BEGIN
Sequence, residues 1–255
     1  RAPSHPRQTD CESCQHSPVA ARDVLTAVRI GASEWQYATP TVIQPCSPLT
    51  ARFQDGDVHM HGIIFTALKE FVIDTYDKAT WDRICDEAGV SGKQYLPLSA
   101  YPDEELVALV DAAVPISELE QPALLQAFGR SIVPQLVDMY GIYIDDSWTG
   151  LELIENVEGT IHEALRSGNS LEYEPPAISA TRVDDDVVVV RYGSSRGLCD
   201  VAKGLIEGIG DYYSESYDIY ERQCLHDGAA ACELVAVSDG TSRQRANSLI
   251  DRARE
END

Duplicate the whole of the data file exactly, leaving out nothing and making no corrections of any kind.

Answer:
Sequence, residues 1–255
     1  RAPSHPRQTD CESCQHSPVA ARDVLTAVRI GASEWQYATP TVIQPCSPLT
    51  ARFQDGDVHM HGIIFTALKE FVIDTYDKAT WDRICDEAGV SGKQYLPLSA
   101  YPDEELVALV DAAVPISELE QPALLQAFGR SIVPQLVDMY GIYIDDSWTG
   151  LELIENVEGT IHEALRSGNS LEYEPPAISA TRVDDDVVVV RYGSSRGLCD
   201  VAKGLIEGIG DYYSESYDIY ERQCLHDGAA ACELVAVSDG TSRQRANSLI
   251  DRARE